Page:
Revolutionary Road (2008)
John Givings: Hopeless emptiness. Now you've said it. Plenty of people are onto the emptiness, but it takes real guts to see the hopelessness.
John Givings: You want to play house you got to have a job. You want to play nice house, very sweet house, you got to have a job you don't like.
April Wheeler: If being crazy means living life as if it matters, then I don't mind being completely insane.
April Wheeler: I wanted IN. I just wanted us to live again. For years I thought we've shared this secret that we would be wonderful in the world. I don't know exactly how, but just the possibility kept me hoping. How pathetic is that? So stupid. To put all your hopes in a promise that was never made. Frank knows what he wants, he found his place, he's just fine. Married, two kids, it should be enough. It is for him. And he's right; we were never special or destined for anything at all.
Frank Wheeler: Knowing what you've got, knowing what you need, knowing what you can do without - That's inventory control.
John Givings: The hopeless emptiness? Now, you've said it. Plenty of people are on to the emptiness, but it takes real guts to see the hopelessness...
April Wheeler: So now I'm crazy because I don't love you, right? Is that the point?
Frank Wheeler: No! Wrong! You're not crazy, and you do love me. That's the point, April.
April Wheeler: But I don't. I hate you. You were just some boy who made me laugh at a party once, and now I loathe the sight of you. In fact, if you come any closer, if you touch me or anything, I think I'll scream.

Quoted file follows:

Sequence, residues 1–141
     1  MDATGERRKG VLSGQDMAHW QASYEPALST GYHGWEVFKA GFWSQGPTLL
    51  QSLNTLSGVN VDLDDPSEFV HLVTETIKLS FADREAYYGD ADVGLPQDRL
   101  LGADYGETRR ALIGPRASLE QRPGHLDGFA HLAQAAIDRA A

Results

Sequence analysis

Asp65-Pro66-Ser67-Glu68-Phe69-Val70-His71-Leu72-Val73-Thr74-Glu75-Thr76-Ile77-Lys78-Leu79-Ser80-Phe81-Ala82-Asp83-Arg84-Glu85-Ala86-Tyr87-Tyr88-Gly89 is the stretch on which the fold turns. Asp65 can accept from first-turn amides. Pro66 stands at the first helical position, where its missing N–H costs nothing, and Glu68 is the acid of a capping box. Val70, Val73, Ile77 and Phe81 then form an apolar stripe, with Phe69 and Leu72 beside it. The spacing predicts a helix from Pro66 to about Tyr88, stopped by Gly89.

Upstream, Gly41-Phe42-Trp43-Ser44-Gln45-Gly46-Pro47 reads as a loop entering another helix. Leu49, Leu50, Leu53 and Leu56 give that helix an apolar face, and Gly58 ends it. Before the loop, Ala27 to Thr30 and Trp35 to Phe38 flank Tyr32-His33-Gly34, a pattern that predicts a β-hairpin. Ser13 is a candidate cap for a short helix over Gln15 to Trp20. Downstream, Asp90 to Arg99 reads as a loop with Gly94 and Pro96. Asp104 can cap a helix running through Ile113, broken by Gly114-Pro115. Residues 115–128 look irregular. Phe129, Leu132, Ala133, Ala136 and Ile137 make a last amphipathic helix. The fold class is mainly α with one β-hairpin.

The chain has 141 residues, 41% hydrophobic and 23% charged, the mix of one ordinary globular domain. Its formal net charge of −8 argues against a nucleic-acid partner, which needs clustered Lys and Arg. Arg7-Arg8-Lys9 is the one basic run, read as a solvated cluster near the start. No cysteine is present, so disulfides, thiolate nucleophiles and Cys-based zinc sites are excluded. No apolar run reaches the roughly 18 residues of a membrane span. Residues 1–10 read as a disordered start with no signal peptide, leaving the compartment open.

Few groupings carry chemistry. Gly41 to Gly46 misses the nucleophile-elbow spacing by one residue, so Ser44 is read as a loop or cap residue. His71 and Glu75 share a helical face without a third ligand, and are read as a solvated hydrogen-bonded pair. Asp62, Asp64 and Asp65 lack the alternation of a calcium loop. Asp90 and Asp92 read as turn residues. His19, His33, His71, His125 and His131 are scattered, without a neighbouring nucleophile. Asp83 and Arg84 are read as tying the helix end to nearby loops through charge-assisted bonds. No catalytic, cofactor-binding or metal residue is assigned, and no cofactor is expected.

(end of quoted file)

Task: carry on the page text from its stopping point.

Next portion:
Frank Wheeler: Frank: Oh, come on, stop this April.
[He touches her for an instant and she screams at the top of her lungs before walking away. He chases after her]
Frank Wheeler: Fuck you, April! Fuck you and all your hateful, goddamn -
[He breaks a chair against a wall]
April Wheeler: What are you going to do now? Are you going to hit me? To show me how much you love me?
Frank Wheeler: Don't worry, I can't be bothered! You're not worth the trouble it would take to hit you! You're not worth the powder it would take to blow you up. You are an empty, empty, hollow shell of a woman. I mean, what the hell are you doing in my house if you hate me so much? Why the hell are you married to me? What the hell are you doing carrying my child? I mean, why didn't you just get rid of it when you had the chance? Because listen to me, listen to me, I got news for you - I wish to God that you had!
Frank Wheeler: How do I know you didn't try to flush our entire fucking family down the toilet?
April Wheeler: Tell me the truth, Frank, remember that? We used to live by it. And you know what's so good about the truth? Everyone knows what it is however long they've lived without it. No one forgets the truth, Frank, they just get better at lying.
April Wheeler: You're just some guy who made me laugh at a party once.
April Wheeler: I saw a whole other future. I can't stop seeing it.
April Wheeler: Frank Wheeler, I think you're the most interesting person I've ever met.
April Wheeler: Just because you've got me safe in this little trap, you think you can bully me into feeling whatever you want me to feel!
Frank Wheeler: Well I support you, don't I? I work ten hours a day at a job I can't stand!
April Wheeler: You don't have to!
Frank Wheeler: But I have the backbone not to run away from my responsibilities!